Florida Power & Light, the Sunshine State’s largest utility, is in the midst of building a staggering 110 MW of solar generating capacity, the largest amount of utility-scale solar capacity ever planned outside the desert Southwest.

The projects, which are valued at a total of more than $600 million, include conventional solar-photovoltaic facilities that will generate 25 MW and 10 MW, plus a 75-MW concentrating solar plant [CSP] in Martin County being built by Lauren Engineers & Constructors Inc.

Solar plant will supplement Florida gas-fired station.
Photo: FPL
Solar plant will supplement Florida gas-fired station.

Utility officials say the CSP project will be the first plant of its kind to integrate solar technology with an existing natural gas-fired combined-cycle plant.

The Martin Next Generation Solar Energy Center will consist of about 200,000 parabolic mirrors that will concentrate the sun's energy on tubing filled with a special heat-transfer fluid that will be used to generate steam. The steam will be fed into heat-recovery steam generators at FPL’s Martin County Unit 8, an existing combined-cycle plant located at an adjoining site, and augment that plant's output.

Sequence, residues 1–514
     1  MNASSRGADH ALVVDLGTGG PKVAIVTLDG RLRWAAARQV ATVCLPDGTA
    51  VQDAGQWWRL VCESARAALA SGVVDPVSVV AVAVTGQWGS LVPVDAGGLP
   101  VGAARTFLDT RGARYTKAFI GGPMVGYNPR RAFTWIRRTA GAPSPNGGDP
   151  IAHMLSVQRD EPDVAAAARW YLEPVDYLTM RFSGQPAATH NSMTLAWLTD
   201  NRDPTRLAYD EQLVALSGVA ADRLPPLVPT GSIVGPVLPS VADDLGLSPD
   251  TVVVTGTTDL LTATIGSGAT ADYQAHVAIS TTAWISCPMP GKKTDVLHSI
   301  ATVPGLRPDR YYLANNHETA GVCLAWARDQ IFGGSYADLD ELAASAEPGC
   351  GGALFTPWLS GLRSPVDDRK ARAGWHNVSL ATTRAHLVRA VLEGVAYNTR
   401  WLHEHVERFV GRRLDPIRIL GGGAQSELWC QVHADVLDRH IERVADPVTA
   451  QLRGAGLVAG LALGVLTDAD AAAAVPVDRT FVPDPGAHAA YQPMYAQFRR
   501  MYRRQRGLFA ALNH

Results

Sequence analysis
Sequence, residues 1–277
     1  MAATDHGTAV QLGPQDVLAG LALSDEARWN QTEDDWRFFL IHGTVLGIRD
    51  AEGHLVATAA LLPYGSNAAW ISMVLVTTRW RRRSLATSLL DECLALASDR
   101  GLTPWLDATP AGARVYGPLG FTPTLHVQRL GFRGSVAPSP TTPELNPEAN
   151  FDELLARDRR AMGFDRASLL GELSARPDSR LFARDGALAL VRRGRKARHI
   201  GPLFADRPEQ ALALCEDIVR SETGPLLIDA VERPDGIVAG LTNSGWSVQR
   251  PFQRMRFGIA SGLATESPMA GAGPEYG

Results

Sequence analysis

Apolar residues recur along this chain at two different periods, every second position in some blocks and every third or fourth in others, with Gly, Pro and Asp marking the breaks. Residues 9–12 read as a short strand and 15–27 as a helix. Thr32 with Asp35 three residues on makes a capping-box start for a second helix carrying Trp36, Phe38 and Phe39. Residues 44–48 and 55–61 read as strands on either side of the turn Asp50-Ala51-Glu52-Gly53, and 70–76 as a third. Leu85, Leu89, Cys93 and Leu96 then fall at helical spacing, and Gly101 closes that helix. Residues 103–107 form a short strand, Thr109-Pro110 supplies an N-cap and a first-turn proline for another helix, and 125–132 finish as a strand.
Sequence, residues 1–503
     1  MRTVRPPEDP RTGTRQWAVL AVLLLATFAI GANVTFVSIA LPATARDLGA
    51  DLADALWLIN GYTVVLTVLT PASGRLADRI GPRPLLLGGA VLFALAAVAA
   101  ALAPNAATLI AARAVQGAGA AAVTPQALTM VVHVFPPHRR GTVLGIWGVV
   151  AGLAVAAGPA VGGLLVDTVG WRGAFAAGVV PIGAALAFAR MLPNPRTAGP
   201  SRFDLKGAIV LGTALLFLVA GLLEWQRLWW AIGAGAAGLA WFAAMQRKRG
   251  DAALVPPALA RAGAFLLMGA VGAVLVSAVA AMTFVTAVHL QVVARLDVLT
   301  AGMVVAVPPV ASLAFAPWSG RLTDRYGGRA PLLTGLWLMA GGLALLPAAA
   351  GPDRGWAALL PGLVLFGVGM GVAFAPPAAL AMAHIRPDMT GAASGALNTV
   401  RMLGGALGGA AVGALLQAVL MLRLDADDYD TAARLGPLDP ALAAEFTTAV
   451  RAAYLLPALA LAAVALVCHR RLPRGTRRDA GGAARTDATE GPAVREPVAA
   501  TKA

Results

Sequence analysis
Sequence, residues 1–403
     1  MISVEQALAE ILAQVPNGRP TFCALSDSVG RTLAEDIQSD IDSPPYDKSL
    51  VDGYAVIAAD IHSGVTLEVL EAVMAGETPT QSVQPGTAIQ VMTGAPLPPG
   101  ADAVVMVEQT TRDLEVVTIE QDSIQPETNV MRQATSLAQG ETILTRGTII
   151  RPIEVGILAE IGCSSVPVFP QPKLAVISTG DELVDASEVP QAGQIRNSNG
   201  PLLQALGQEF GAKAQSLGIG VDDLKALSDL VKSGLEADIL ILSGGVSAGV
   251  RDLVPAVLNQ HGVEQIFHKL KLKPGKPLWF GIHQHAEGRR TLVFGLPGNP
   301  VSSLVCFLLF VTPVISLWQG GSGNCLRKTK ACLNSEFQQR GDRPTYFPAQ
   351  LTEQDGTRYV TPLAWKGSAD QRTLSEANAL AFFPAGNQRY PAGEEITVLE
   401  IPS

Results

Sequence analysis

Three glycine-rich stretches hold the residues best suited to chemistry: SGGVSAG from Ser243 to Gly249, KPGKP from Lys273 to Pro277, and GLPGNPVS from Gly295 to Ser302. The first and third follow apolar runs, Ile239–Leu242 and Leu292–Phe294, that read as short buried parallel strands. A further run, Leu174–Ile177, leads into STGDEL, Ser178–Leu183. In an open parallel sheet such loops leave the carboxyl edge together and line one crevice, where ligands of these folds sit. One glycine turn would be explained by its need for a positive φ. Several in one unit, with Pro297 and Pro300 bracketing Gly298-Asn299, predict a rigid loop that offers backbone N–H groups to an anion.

The Martin County CSP "takes advantage of the existing infrastructure at the Martin fossil-fuel plant to make clean, emissions-free solar power more affordable for FPL’s customers," says utility spokeswoman Jackie Anderson. “Essentially, when the sun is shining, we will be able to take our foot off the gas at the Martin facility, significantly reducing emissions and also providing fuel savings for our customers.”

Lauren is one of a few contractors with CSP experience. The firm was the engineering-procurement-construction on Nevada Solar One, a 64-MW CSP that used about 180,000 parabolic mirrors and heat-transfer fluid to generate steam that drives a conventional turbine. Nevada Solar One, unlike the Martin County project, is not tied to an existing combined-cycle plant.